Tuesday, November 29, 2011
Born on this date in 1888, Jack Walker grew up and began playing hockey in Port Arthur, Ontario. His first team was the Port Arthur East Greys of the New Ontario Hockey League in 1905-06. After one more season with the East Greys, Walker joined the Port Arthur Lake City club in the same NOHL for the 1907-08 season.
A forward, Walker started slowly with 3 goals in 6 games his first season with Lake City, a total which increased to 8 goals in 12 games the following season before he found his game with 20 goals in 12 games in 1909-10 and added one and a half times that many in 1910-11 with 30 goals in 14 contests while leading the team to their second consecutive league championship. Following the season he got his first taste of Stanley Cup competition when Port Arthur challenged the Ottawa Hockey Club in a single elimination game, which the famed Silver Seven won handily 13-4, with Walker scoring one of the goals for Port Arthur.
Walker played one final season for Lake City with 17 more goals before attracting attention from the growing professional leagues of the east. He began the 1912-13 season with the brand new Toronto Blueshirts (who would eventually become the Maple Leafs in 1927) of the National Hockey Association, but left for the defending league champion Moncton Victorias of the Maritime Professional Hockey League after just a single game in Toronto. With the Victorias, Walker totaled 21 goals in 15 games, which proved to be the final season for Moncton, and Walker rejoined Toronto for the 1913-14 season.
It proved to be a shrewd move, as Toronto tied for first place in the NHA with a 13-7 record and defeated the Montreal Canadiens 6-2 in a two game series to earn the right to challenge for the Stanley Cup, taking on the Victoria Aristocrats of the Pacific Coast Hockey Association in a best-of-five series. Toronto won all three contests to sweep the series and earn Walker his first Stanley Cup as well as a bonus of $297.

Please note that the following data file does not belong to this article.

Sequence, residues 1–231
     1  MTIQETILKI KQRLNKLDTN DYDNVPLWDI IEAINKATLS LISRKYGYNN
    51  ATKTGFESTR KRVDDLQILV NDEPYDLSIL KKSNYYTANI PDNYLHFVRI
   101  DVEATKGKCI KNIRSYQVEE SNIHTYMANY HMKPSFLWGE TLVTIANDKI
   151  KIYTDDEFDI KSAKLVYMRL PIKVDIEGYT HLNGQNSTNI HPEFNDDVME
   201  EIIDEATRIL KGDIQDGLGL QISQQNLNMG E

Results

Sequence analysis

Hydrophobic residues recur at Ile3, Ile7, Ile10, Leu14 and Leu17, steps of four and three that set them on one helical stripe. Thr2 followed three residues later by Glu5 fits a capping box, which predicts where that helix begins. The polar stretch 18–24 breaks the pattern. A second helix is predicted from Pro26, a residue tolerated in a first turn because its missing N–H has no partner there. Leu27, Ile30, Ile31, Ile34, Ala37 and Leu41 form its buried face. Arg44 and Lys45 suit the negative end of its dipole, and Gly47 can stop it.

1914 Stanley Cup champion Toronto Blueshirts
He returned to the Blueshirts for the 1914-15 season, in which he scored a dozen goals in 19 games. The rivalry between the NHA and PCHL was in full swing at this point, and Frank and Lester Patrick signed all but one of the Blueshirts to stock the roster of the newly created Seattle Metropolitains PCHL franchise, which included Walker.
During his second season with Seattle of 1916-17, the club would win the PCHL title with a 16-8 record which earned them the right to compete for the Stanley Cup against the Montreal Canadiens of the NHA. Montreal won Game 1 by a score of 8-4 before Seattle's defense dug in, allowing just one goal in each of the three remaining games easily by scores of 6-1, 4-1 and finally a 9-1 blowout to become the first American club to win the Stanley Cup, the second of Walker's career. The Seattle Daily Time wrote "The lexicon of sport does not contain language adequate to describe the fervor of the fans." following the Metropolitans victory.
The 1916-17 Stanley Cup champion Seattle Metropolitans
Two seasons later Walker and the Metropolitains would again advance to the Stanley Cup Finals by defeating the Vancouver Millionaires in the PCHA playoffs. Seattle once again found the same Montreal Canadiens as their opponents, who they demolished 7-0 in Game 1. Montreal rebounded with a 4-2 win in Game 2 but Seattle responded with another strong performance with a 7-2 win in Game 3. Game 4 ended in a scoreless tie and then the Canadiens eked out a 4-3 win at 15:57 of overtime to even the series at 2-2-1 heading into Game 5. Only Game 5 was never played, as several of the Canadiens were admitted to the hospital feeling the effects of the influenza epidemic, which had arrived on Canada's west coast, causing the game to be cancelled and the series permanently suspended. After spending nine days in the hospital, Bad Joe Hall of Montreal died of his illness.
The Stanley Cup engraving for 1919 reads "Series not Completed"